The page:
Secondly, the acting in Sullivan's version was cringe-worthy at times. To be sure, Colleen Dewhurst and Richard Farnsworth are absolute perfection and I did cry at you-know-what. But Diana is absolutely brutal to watch in the first film. She improves greatly over the course of the series, but initially? Oof.  Anne and Gilbert have great chemistry and I suspect Megan Follows' chemistry with Crombie, Dewhurst and Farnsworth really allowed her to jump into everyone's hearts, but she's never really Anne of the books for me. Anne is so skinny and underfed, enough so that in the books she talks about how she lacks dimples in her elbows. There's something about MF that doesn't make her believable as the orphan girl. I also hate that 80s fashion seems to undercut period appropriate dressings. Anne's hair is just so weird.  I can't watch the Gil-Scarlett Fever scene with a straight face. I realize pompadours were in style for women at the turn of the century, but they just overdid it.  The newer version seems more in line with being historically faithful (including the lack of electricity in the Cuthbert house) I will also say that I've cried far more frequently in this newer adaption. Anne signing the Bible, Matthew calling her my daughter, etc. There are far more emotional touchstones which is nice.

For me Amybeth Mcnulty has the look. Additionally the costuming and setting is so much more on point this time around. I noticed in the first or second episode that Anne's dress was so small on her. It was a fantastic little touch-- of course Anne would be wearing ill-fitting hand me downs. Also, there was a close up on Matthew's hands and we can see the dirt under his fingernails. Yes, of course a *farmer* would have dirt under his nails. I also read (or watched in one of the extra videos on CBC, maybe?) that they stained the hems of the dresses with red dirt so that the kick up was more authentic. It's these details that make this series the more faithful adaption. Yes, there are some changes, but that is what will make it more appealing to teens who crave "dark" dramas like 13 Reasons Why and Riverdale and people will binge watch this show. I, for one, love this adaption. All of the actors are perfectly cast. Gilbert and Anne still have amazing chemistry and Amybeth looks (and sounds-- even in real life) like what I imagined Anne to be like.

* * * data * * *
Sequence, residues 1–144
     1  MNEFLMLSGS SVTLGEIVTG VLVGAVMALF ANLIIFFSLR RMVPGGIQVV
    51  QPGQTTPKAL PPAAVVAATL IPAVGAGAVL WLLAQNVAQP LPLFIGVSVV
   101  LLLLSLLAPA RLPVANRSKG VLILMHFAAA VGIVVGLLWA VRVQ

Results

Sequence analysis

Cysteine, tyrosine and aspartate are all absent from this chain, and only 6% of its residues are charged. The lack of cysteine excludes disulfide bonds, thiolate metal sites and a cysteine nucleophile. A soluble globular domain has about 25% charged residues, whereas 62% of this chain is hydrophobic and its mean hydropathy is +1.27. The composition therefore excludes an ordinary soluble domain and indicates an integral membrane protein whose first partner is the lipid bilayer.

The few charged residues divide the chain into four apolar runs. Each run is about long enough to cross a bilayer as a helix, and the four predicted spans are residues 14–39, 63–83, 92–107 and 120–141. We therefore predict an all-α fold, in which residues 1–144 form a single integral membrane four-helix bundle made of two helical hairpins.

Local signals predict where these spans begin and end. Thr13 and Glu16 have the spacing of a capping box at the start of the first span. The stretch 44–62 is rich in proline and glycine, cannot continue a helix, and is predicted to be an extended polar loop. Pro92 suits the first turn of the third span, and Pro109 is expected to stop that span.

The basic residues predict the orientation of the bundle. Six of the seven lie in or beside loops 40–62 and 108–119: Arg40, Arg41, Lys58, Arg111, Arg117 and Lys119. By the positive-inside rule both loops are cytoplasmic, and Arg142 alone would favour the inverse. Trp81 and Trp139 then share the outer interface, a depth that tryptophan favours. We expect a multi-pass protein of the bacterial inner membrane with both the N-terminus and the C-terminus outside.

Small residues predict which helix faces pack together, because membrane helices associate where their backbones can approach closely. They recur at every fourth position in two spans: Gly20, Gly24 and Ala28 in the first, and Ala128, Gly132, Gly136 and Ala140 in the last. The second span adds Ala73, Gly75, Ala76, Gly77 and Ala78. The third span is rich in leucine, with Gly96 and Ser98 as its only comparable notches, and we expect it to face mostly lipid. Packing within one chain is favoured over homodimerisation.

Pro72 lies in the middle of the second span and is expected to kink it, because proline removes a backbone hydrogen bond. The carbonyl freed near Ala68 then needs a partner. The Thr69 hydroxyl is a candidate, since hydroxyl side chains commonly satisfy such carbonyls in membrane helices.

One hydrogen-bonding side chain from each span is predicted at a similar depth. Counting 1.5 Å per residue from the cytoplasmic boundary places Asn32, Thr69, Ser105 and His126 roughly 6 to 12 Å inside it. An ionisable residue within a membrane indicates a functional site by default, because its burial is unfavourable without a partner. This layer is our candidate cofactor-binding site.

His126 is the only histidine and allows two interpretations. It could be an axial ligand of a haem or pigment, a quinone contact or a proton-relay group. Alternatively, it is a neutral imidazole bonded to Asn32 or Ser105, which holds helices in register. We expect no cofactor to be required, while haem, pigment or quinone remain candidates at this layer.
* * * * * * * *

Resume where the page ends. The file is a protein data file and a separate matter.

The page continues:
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In terms of visual impressiveness, it doesn't hurt that this production had a way bigger budget.

To me, the most powerful scenes in this new production are the ones which are directly from the books.  The signing of the Bible felt like the end of an after-school special and Matthew calling Anne a daughter felt contrived and un-earned.  From a historical perspective, this new series inserts a modern mindset into the characters which produces an uneven effect.  

This series is beautifully filmed and I am enjoying it to some degree, but whether or not it embodies the actual spirit of the novel is questionable to me beyond the surface visual look.

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Actually the Bible signing was also in LMM's Blue Castle. In it the family considers removing Valencia's name from the family Bible. So that was historically accurate. I don't like that they gave her a hyphenated last name because in the book she's very much "Anne Shirley" and Marilla constantly uses it in exasperation. 

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I didn't find the Bible-signing historically inaccurate (except maybe the crossing out of the name half a dozen times for comic relief and basically ruining the Bible).  I just didn't find it emotionally satisfying in the second episode, nor believable from Marilla's perspective.  Too much too soon, to me.  A big part of the book's charm is how Anne wins Marilla over, gradually.  It feels earned and the change is deep and grudging, not instant.